Ramallah recall: On India’s Palestine policy

Prime Minister Narendra Modi’s visit to Palestine underlines the delicate balance New Delhi has adopted in this long-standing and seemingly intractable conflict. India, which has been a champion of the Palestinian people’s national aspirations, has built strong ties with Israel in recent years. Last year Mr. Modi became the first Indian Prime Minister to visit Israel; the Ramallah visit has come just weeks after his Israeli counterpart, Benjamin Netanyahu, visited India. On the other hand, late last year India voted along with a vast majority of member-states at the UN General Assembly against U.S. President Donald Trump’s decision to recognise Jerusalem as Israel’s capital. Last week in Ramallah, the Palestinian National Authority’s administrative headquarters, Mr. Modi reiterated India’s support for the Palestinian cause, saying it “hopes that Palestine soon becomes a sovereign and independent country in a peaceful atmosphere”. Both sides also signed a number of agreements for India-funded projects in the West Bank. India’s policy objective is clear and rooted in political realism. It wants to maintain the balance in its relationship with both Palestine and Israel, and strengthen bilateral ties with each separately.


This balance is vital for India, for which Israel is a source of defence equipment and agricultural technology. But Israel also faces political isolation internationally over its occupation of the Palestinian territories and does not have diplomatic ties with most countries in West Asia. As reflected in the UNGA vote, international public opinion is overwhelmingly against the occupation. India, which has vital interests in the Gulf and enjoys good ties with the region’s Muslim countries, cannot afford to be seen to be politically closer to Israel at the expense of ties with Palestinians. So it is not a coincidence that the Prime Minister’s visit to Palestine took place against the backdrop of India’s deepening ties with Israel. With the Ramallah visit, the message Mr. Modi is sending out is that India’s partnership with Israel is not at the expense of its principled support for the Palestinian cause. Still, changing nuances in India’s position were on display during the visit. Traditionally, India has supported the creation of an independent Palestine within the 1967 borders, with East Jerusalem as its capital. According to this line, Israel would have to withdraw from the West Bank and East Jerusalem and either pull out the Jewish settlements or do a land-swap with the Palestinians as part of a final agreement. Mr. Modi carefully avoided any reference to the borders or to the capital. In effect, India’s support for the two-state solution remains, but it has now stopped short of the specifics.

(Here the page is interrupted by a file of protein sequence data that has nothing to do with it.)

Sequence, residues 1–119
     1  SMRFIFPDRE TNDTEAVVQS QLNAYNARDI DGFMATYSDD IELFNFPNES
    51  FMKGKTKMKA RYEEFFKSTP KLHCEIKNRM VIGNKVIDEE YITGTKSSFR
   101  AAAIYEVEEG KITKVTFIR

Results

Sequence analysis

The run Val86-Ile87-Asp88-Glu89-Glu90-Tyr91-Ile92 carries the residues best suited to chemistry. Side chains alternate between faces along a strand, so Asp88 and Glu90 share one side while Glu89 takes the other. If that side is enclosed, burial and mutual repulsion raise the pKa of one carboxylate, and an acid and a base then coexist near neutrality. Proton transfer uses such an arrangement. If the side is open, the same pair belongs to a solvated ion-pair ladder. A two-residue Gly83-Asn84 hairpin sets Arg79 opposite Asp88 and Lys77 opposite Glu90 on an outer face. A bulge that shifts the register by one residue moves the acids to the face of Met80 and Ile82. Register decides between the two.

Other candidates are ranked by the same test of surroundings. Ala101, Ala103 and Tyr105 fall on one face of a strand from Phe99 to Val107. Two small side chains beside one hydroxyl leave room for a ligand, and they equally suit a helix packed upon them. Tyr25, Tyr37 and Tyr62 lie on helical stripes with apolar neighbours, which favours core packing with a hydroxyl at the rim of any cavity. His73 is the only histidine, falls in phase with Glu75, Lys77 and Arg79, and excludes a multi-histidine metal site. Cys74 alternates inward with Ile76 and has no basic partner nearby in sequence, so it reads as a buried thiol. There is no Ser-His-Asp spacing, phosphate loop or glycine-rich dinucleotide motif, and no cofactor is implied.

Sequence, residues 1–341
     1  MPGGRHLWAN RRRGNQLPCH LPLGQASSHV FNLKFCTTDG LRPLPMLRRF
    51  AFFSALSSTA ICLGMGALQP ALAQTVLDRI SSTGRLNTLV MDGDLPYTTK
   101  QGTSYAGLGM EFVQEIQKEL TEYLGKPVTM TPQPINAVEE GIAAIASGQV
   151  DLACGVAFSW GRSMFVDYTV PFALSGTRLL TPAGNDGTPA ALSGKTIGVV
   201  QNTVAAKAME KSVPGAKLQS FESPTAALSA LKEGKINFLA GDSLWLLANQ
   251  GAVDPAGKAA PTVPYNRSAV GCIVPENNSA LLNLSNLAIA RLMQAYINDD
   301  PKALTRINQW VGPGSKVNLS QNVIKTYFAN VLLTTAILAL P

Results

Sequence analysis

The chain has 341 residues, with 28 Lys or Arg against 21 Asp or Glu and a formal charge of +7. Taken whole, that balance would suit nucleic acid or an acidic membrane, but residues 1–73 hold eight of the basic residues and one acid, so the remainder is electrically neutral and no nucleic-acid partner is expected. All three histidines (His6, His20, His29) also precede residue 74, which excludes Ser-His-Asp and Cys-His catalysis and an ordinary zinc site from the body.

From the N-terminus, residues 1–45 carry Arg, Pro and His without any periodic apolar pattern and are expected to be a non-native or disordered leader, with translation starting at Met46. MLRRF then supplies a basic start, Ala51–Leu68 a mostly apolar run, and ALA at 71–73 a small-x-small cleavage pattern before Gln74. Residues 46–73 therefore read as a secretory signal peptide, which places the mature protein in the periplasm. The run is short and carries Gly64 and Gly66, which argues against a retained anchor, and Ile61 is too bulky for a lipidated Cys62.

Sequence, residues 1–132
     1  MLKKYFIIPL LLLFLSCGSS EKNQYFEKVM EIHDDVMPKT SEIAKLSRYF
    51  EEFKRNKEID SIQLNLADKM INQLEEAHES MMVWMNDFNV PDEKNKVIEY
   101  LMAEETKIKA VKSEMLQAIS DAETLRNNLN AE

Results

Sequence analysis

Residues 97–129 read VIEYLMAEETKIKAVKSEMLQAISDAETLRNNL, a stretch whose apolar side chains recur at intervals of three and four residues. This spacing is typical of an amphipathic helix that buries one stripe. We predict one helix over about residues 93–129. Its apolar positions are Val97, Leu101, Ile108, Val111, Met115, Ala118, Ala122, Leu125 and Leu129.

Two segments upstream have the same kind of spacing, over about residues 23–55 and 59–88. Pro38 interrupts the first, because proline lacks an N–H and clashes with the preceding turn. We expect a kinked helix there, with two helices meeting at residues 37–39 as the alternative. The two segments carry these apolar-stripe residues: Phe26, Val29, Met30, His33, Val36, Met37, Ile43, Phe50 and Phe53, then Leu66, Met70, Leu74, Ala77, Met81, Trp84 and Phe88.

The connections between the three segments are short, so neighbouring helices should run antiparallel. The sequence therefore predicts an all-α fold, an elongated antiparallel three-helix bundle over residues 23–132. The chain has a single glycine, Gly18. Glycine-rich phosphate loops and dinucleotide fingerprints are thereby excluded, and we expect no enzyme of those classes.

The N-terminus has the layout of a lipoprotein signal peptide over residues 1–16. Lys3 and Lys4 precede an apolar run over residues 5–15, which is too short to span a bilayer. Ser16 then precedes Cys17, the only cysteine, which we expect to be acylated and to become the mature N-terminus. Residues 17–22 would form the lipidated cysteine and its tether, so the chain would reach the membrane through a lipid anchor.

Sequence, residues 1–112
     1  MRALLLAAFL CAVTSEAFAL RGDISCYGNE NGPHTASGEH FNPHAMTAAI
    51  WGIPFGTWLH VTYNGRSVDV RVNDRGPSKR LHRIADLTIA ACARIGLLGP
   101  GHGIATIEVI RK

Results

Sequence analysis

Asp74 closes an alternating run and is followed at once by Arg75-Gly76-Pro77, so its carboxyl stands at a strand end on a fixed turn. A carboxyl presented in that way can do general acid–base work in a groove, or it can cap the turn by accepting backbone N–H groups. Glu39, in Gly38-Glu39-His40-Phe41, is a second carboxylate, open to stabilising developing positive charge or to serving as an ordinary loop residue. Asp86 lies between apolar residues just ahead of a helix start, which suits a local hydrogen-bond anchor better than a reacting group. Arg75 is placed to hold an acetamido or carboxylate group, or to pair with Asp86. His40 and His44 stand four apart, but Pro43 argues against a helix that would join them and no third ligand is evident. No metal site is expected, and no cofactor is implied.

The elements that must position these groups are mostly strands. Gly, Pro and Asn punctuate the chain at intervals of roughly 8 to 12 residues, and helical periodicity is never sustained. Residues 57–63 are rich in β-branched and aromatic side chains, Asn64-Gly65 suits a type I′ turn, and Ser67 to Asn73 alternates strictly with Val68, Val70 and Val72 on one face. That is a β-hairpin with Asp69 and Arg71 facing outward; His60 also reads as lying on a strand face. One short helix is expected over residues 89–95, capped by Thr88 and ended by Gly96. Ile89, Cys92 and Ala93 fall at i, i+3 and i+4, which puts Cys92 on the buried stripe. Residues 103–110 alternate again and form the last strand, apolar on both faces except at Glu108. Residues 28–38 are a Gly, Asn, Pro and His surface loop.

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Printable version | Apr 16, 2021 9:28:03 PM | https://www.thehindu.com/opinion/editorial/ramallah-recall/article22745311.ece

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